Microbial colonies on the surfaces of medical devices contribute to outbreaks of serious patient infections. This is why we designed and prepared new materials that allow for dealing with this problem.
The solutions are based on polymer structures prepared by means of Schiff chemistry of bases that contain polymerized porphyrin macro cycles. After exposure to visible light, these polymers produce an excited form of oxygen, so-called singlet oxygen. Singlet oxygen is a reactive short-lived molecule. The high reactivity of singlet oxygen causes inactivation of bacterial colonies that are present on this material. This process is called antimicrobial photodynamic inactivation.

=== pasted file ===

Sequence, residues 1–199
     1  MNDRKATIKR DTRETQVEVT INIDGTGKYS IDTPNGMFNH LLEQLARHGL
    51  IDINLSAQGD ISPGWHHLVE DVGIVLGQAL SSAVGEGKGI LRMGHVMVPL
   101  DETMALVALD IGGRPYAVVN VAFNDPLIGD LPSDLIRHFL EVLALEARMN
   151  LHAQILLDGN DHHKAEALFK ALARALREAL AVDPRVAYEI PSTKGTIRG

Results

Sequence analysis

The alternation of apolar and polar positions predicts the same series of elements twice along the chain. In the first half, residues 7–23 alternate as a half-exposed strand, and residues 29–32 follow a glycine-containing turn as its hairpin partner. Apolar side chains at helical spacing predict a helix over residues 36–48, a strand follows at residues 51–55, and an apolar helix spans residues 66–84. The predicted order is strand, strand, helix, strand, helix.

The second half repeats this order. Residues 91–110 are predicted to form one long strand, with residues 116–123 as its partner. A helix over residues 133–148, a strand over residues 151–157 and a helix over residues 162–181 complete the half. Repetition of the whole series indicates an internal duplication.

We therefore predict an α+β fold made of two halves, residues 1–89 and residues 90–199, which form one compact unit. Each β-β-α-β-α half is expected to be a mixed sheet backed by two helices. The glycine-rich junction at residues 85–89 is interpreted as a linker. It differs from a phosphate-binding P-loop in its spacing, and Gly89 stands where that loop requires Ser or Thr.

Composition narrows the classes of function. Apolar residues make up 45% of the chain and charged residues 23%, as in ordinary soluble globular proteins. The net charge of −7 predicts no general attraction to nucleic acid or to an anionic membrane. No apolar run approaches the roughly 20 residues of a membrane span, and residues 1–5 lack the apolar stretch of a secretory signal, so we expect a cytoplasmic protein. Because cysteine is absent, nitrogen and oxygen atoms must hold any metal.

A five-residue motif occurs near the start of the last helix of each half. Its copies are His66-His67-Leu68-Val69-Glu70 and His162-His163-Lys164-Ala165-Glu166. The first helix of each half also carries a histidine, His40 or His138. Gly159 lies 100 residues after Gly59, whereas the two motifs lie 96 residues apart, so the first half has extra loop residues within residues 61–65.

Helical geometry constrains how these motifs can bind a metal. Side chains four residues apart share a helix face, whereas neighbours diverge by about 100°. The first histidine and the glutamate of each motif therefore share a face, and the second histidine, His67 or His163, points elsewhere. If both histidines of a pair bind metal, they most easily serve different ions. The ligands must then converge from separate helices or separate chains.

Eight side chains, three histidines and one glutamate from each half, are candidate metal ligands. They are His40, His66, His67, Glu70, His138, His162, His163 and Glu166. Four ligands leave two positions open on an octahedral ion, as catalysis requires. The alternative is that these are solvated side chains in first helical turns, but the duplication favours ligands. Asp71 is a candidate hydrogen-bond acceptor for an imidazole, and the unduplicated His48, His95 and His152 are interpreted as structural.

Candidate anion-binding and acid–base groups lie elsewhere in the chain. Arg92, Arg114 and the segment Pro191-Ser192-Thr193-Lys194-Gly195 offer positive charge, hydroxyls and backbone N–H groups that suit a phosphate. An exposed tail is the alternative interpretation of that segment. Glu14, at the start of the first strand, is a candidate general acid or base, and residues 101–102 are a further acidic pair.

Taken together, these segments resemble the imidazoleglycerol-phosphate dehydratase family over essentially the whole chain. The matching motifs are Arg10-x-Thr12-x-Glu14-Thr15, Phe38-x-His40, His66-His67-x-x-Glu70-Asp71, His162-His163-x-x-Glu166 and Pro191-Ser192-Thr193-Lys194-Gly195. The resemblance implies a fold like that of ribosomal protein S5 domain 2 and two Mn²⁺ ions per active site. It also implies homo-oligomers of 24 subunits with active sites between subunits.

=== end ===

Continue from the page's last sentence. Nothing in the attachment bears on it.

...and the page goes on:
We proved that the best materials are three-dimensional structures. These polymers produce significant quantities of singlet oxygen after exposure to light, are photo-stable, demonstrate broad spectral area of action and are well dispersible in polystyrene layers. Upon these properties we can modify existing surfaces that then become antimicrobial. Due to this, these materials are perspective for biomedical applications.
The functioning of new polymer materials. The diagram shows a typical structure of porphyrin polymer materials and their function that is based on the adsorption of light in the visible range. The transfer of energy produces reactive singlet oxygen that eliminates biological films.
Hynek, J., Zelenka, J., Rathouský, J., Kubát, P., Ruml, T., Demel, J., Lang, K.*: Designing porphyrinic covalent organic frameworks for the photodynamic inactivation of bacteria. ACS Appl. Mater. Interfaces 2018, 10, 8527−8535; JRC/D1.
Collaboration: University of Chemistry and Technology Prague, J. Heyrovský Institute of Physical Chemistry under the Czech Academy of Sciences.